When we adopted our second daughter of color, we received another continuation of what I’ve called a “crash course in racism.”  It was suggested that she perhaps be transferred into special education settings. When I toured these classrooms, they were obviously sub-standard. They lacked the energy and enthusiasm of regular classes, and the environments were sterile. And then I realized with a jolt that almost all the students were children of color. “Even in Cambridge” became our mantra for years running, as we fought against such racism and homophobia directed at our children of color and it was there that all children of color (and later all people of color) moved from “them” to “us.” I will spare you the details of me (armed with my white privilege) marching into the principal’s office screaming at him about the school teacher’s plan to put my daughter in those classrooms. 

Fast forward to July 2013, when our son told us of his transgender status. My partner and I were shocked. We didn’t “see this coming.” I also had the added reaction, feeling that since we are gay, we should have known this was coming.  The weight of the news made our heads spin.

Slowly we began to recover from what for us was the shock of our son’s news. We decided we needed to learn all I could about transgendered people and we began to read. I joined a transforming parents group that was an amazing source of grounding, camaraderie, laughter, and hope. It turns out that all I had learned prior to my son’s transition was little to nothing, though I had retained gay press accounts that trans people of color get murdered. Imagine my intense fear. The other parents in the group were wonderful. What we shared was deep love of our dearest children along with a very parental need to understand, support and protect them. At one meeting, I looked around the room and I saw their courage before I discovered my own. We also took every opportunity to hear speak trans speakers who come to the Valley to tell their story. These steps away from “othering” and towards acceptance helped “them to become us,” step by step.  And then this amazing church with its transgendered members and leaders and its welcoming to all bolsters my faith in the kingdom of God being possible and inspires me every week.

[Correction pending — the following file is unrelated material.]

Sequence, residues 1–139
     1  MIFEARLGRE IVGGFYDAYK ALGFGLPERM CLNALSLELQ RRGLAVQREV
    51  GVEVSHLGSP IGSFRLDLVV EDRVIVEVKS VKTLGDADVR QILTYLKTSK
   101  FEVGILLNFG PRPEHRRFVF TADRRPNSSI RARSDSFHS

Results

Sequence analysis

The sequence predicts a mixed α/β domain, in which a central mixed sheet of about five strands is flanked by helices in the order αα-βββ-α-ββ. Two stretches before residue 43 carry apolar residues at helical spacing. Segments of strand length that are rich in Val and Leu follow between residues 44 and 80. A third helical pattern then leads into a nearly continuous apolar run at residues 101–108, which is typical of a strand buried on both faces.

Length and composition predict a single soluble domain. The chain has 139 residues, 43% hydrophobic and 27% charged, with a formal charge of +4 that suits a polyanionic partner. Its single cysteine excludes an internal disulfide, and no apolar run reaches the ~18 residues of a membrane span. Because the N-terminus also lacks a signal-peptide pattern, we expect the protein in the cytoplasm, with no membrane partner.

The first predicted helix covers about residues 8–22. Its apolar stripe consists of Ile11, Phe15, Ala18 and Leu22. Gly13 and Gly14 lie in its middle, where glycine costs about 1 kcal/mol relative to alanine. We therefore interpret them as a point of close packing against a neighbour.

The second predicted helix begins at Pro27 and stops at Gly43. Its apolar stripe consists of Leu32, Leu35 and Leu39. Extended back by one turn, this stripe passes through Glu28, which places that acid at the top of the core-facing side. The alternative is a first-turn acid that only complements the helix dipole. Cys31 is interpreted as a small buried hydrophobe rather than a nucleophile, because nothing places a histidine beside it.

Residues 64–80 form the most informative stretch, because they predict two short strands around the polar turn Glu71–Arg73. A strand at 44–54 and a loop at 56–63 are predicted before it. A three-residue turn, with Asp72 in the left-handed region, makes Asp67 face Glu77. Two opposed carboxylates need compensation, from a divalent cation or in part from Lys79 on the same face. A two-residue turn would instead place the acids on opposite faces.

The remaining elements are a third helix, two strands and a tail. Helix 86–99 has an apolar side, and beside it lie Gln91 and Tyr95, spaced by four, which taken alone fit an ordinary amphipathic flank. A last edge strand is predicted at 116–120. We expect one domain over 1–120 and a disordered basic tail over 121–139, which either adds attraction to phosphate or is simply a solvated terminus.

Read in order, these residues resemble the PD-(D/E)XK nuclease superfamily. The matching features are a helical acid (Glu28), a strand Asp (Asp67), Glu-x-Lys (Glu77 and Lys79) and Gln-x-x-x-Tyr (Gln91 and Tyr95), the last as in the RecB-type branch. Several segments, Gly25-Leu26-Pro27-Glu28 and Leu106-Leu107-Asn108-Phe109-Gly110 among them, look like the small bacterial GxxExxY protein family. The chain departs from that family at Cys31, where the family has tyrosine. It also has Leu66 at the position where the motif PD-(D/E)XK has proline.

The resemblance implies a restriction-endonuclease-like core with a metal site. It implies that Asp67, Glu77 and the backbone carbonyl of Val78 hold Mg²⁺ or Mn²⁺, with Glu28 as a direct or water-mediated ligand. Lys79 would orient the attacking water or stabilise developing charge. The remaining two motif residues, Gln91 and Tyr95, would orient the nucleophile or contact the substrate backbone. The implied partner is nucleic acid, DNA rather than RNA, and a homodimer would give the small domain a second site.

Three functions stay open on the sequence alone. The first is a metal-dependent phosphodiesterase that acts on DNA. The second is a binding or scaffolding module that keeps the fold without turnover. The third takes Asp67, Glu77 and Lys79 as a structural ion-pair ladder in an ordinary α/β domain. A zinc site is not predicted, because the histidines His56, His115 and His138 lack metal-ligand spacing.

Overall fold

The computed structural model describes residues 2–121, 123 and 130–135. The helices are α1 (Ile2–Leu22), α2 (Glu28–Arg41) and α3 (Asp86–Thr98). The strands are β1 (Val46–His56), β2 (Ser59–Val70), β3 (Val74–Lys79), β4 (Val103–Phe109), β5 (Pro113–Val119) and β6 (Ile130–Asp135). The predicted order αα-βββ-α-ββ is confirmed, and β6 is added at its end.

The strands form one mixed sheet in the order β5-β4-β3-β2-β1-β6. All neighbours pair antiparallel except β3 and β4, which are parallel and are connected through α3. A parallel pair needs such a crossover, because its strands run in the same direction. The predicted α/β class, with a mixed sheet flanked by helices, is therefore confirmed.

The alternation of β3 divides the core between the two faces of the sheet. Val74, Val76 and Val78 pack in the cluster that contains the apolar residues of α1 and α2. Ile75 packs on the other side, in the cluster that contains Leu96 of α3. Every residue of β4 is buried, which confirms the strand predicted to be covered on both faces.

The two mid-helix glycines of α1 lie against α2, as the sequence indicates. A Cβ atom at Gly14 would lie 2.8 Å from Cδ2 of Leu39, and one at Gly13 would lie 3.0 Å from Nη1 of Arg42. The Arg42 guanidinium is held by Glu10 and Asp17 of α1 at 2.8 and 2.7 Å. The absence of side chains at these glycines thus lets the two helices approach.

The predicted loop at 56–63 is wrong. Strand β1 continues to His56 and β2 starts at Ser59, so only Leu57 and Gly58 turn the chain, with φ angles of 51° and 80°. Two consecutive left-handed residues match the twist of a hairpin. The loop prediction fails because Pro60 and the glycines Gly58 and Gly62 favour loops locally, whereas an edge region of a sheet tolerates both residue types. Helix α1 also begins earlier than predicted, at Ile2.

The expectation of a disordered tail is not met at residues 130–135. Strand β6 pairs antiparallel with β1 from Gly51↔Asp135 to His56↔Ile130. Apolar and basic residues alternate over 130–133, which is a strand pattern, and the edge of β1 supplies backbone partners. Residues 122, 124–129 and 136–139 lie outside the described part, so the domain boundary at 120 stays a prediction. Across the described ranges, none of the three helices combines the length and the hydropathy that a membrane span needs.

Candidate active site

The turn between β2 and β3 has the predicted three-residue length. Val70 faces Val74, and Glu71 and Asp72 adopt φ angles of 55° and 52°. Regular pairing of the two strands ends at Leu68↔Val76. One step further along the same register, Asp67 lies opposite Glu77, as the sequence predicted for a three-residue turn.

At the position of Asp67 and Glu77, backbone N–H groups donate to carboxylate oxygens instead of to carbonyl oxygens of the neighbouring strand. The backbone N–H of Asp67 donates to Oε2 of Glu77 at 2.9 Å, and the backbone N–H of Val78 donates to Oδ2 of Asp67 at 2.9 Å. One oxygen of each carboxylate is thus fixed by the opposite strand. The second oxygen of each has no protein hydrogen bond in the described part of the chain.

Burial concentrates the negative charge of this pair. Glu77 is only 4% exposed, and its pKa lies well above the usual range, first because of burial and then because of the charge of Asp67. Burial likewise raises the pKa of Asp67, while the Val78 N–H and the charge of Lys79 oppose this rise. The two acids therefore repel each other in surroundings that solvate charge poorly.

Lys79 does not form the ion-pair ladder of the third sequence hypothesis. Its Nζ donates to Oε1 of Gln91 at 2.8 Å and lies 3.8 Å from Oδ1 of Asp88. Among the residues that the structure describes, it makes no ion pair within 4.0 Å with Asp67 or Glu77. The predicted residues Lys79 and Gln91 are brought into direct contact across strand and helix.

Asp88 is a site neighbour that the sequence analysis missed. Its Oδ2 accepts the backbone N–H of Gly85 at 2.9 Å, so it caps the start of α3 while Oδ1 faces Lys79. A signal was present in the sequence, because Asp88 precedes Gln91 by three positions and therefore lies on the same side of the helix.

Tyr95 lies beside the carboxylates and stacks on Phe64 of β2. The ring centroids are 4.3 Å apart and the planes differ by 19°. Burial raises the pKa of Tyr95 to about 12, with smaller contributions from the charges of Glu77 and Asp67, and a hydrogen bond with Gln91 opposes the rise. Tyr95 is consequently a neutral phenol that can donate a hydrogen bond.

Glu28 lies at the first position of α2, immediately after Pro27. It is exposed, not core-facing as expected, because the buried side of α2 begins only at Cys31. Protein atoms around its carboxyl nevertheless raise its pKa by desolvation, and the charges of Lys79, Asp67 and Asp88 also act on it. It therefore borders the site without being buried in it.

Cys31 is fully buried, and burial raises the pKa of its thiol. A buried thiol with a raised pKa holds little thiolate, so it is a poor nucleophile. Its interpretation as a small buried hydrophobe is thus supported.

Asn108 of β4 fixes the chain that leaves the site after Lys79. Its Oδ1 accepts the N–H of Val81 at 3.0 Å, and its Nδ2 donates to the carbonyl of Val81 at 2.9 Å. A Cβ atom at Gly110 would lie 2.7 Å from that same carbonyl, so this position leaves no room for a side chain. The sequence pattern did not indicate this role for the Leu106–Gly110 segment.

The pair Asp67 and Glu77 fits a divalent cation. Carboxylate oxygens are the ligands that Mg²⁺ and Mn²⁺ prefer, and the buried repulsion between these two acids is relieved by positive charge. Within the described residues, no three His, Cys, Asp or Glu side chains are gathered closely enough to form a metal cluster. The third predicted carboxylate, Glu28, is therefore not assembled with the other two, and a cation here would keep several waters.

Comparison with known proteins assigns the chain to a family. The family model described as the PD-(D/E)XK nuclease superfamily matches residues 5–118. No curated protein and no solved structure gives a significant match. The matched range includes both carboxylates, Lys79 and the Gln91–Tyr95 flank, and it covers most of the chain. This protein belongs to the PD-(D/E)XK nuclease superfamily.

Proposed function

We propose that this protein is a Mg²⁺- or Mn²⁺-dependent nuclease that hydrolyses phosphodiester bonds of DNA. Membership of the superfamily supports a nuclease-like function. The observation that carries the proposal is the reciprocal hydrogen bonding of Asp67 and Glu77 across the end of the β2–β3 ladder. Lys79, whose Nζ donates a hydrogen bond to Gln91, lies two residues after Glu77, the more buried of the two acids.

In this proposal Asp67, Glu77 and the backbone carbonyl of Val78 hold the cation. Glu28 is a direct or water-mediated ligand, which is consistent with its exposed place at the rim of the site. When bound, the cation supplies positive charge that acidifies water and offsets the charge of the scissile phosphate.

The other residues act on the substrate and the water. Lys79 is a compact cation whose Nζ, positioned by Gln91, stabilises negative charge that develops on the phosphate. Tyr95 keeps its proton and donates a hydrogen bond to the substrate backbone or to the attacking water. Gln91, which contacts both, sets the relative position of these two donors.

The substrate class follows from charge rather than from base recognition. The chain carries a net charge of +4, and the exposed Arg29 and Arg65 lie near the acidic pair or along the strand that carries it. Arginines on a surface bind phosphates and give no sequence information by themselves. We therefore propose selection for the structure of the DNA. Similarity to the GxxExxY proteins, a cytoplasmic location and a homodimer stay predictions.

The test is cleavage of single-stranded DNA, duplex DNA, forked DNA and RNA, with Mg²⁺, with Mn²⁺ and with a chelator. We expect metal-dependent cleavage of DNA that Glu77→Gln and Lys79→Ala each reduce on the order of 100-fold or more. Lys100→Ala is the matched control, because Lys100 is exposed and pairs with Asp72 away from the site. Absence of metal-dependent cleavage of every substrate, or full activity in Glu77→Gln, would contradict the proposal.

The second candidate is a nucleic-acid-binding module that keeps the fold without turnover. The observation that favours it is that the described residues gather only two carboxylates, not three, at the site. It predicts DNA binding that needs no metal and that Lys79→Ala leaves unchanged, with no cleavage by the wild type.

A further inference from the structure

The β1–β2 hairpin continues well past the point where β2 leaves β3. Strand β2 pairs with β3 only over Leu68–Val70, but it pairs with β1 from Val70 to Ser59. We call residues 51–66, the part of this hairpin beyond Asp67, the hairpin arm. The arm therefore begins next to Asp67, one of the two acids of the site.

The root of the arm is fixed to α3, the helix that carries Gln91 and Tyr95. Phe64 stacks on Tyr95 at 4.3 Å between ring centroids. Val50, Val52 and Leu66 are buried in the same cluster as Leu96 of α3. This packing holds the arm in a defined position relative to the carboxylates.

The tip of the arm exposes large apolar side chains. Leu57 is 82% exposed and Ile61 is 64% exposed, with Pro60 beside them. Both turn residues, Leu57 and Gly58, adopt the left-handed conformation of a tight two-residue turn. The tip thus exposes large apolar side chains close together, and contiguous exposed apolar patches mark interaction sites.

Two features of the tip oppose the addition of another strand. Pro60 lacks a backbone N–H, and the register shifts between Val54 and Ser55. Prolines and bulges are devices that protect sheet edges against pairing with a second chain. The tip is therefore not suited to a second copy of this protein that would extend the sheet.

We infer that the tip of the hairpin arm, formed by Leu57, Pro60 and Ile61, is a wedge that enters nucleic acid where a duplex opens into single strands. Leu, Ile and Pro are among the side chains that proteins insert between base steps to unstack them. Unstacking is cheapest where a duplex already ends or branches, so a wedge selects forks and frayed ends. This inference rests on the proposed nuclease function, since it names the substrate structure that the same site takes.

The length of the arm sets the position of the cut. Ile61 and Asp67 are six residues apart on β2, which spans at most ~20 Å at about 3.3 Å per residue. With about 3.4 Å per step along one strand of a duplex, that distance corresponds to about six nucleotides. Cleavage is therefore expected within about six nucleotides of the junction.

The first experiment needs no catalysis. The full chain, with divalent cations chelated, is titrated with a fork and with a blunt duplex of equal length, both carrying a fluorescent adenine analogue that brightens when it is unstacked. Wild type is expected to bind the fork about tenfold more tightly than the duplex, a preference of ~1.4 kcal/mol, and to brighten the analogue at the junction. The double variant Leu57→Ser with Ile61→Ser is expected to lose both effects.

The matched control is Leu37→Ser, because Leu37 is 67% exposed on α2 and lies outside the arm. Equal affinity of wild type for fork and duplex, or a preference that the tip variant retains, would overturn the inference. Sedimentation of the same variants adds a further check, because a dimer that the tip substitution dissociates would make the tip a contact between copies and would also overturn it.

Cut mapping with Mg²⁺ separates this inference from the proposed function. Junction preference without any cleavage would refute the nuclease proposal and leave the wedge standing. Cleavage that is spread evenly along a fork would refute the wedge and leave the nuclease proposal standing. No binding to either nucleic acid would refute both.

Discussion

Looking back on the process of working with people who are homeless, parenting kids of color and my son’s transition has given me tools for all of the “othering” I do, being “whole and broken,” as Andrea used to say.  When I visit a patient in the hospital whose story is unfamiliar to me and I feel like leaving the room in abject judgement or mystery, I hear the whisper, this time: not “lock your doors,” but “open your mind and learn.” When I read in the newspaper or sit in a meeting that bores me to tears I hear another whisper, this time: not wash your hands, but “compassion for self and others.” 

As the Psalmist says: 

“Display Your faithfulness in wondrous deeds,

    You who deliver with Your right hand

Those who seek refuge from assailants.

Then I, justified, will behold Your face; awake, I am filled with the vision of you.

Amen

Benediction

I once saw a Rainbow with Feet

On one end it was in Hadley, the other end was in Northampton

May those rainbows with feet  multiply among us so that we may increasingly

Make our journey, moving from seeing “Them” to “Us”

Now and forevermore!

0 Comments

Add a Comment

Your email address will not be published. Required fields are marked *